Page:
Commodity prices are notoriously cyclical and so cannot be relied upon indefinitely. But the unfurling global economic backdrop suggests we could see a commodity boom with legs.

The better-than-expected Q1 GDP growth of 4,6% year on year (YoY) illustrates just how strong commodity prices have been. Inside Investec, there’s a growing belief that SA’s annual GDP growth could top 5% in 2021 and the windfalls could drive a step-change in fiscal consolidation.

“With less corruption, the increased tax receipts have a reasonable chance of bolstering our fiscus, helping to lower the peak of gross loan debt. In turn, that reduces the risk of our government defaulting and their cost of borrowing,” says Ridge. All in, that should attract stickier FDI and promote higher levels of confidence for both SA consumers and businesses alike. So begins the start of a virtuous, upward spiral.  

A surprising consumer

There’s no doubt that the pandemic has exacerbated our already dire state of unemployment. In general, it’s also worsened inequality. Those fortunate enough to own financial and physical assets have seen the value of their portfolios rise steeply, whereas those in lower LSM have had no such shield. But if we look at the SA consumer as a whole, there is once again evidence of surprising strength and serious NAV growth. (See graph below. Source: StatsSA / SARB / Investec Securities estimates).

Nav growth chart

“Stronger house prices account for a decent whack of this rise, not something you’d expect to see if economic prospects weren’t improving. Pair this rise in NAV with the current household savings rate – the highest it’s been in 15 years – and you have a recipe for buoyant consumer spending,” explains Ridge.

The case for the consumer doesn’t end there. Real wage growth (yoy) in the first quarter of 2021 was flat (+3,2% nominal) which is astonishing when you consider how many jobs have been lost. It’s another bittersweet data point because it suggests higher inequality. But it’s unquestionably good news for SA’s consumer-facing businesses. (See graph below. Source: StatsSA & Investec Research)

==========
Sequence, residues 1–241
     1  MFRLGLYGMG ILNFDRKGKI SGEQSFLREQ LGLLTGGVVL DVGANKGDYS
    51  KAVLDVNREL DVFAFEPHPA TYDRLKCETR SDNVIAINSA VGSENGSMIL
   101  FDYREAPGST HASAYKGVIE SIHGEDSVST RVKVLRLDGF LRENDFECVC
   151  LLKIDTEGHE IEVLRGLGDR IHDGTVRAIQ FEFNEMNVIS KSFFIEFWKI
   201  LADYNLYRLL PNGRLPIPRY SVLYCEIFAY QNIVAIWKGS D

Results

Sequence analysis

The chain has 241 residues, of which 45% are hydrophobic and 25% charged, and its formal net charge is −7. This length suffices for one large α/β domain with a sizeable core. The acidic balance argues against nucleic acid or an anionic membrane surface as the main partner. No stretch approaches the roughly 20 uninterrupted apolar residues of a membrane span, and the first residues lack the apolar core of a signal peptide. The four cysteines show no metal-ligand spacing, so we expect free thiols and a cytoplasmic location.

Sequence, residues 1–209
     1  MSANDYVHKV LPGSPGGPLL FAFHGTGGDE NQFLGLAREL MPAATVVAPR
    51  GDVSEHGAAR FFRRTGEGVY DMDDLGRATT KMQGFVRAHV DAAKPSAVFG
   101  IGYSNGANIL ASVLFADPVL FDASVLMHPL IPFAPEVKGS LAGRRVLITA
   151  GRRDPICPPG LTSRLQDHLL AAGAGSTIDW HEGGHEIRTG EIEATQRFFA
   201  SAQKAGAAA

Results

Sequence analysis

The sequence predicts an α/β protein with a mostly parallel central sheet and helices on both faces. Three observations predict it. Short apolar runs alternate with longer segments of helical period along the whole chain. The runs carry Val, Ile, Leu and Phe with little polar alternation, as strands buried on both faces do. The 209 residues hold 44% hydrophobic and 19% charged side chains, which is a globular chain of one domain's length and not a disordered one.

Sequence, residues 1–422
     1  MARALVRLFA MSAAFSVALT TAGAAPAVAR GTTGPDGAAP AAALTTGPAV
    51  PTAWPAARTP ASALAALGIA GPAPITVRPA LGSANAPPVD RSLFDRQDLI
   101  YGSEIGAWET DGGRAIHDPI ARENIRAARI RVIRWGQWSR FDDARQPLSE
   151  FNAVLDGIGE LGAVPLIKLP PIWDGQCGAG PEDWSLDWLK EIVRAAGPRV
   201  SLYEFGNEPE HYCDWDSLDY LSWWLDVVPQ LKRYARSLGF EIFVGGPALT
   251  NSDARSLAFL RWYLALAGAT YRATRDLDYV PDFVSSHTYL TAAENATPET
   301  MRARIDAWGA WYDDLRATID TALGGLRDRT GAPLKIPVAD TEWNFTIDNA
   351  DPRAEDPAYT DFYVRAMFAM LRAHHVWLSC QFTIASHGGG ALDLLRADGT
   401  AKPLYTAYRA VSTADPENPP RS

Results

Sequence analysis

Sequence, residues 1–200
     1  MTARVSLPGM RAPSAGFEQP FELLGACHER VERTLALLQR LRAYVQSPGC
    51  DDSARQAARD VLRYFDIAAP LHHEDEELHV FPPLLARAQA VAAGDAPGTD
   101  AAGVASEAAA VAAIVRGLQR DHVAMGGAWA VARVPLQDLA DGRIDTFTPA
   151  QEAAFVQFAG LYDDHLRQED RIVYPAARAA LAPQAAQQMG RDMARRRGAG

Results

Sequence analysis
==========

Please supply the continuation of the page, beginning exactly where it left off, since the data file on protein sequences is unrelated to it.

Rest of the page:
Real wage growth

The fate of the lower LSMs is tied to a sustainable rise in consumer and business confidence; pervasive and persistent inequality begets political and economic instability. 

While their capacity to create jobs is inferior to that of the private sector, the government is nonetheless trying to ameliorate the unemployment problem through its planned infrastructure rollout. It’s wholly natural to roll one’s eyes at such a promise after more than a decade of infrastructure spending on hot air. 

But when construction companies start talking about capacity constraints and swelling order books, then maybe we should scale back our skepticism just a bit.

It’s about the direction of risk

Is SA a risky place to make investments? Sure. But, really, that’s the wrong question. 

“Every investment carries risk. What matters is how that risk evolves once you’ve bought that business, built that factory, or hired that employee. Those investments will pay handsome dividends if risk dissipates in a sustainable fashion,” says Ridge.

For business SA, the risks of investing offshore remain in place and look unlikely to diminish. Not so for the direction of risk back home.

With our own institutions looking more and more like bastions, a global economic environment that has the power to financially de-risk our country, and a consumer poised to spend, the risks of investing in SA look to be abating faster than many of us appreciate. 

To reiterate, it’s only natural to harbour doubtful thoughts about our county’s future – we’re wired that way and the threats we’ve seen were real. But if we can give more weight to the present than to the past then perhaps more of us will come to see the spiral as upwards. Those who do could see their businesses caught up in it.


This article originally appeared in Daily Maverick.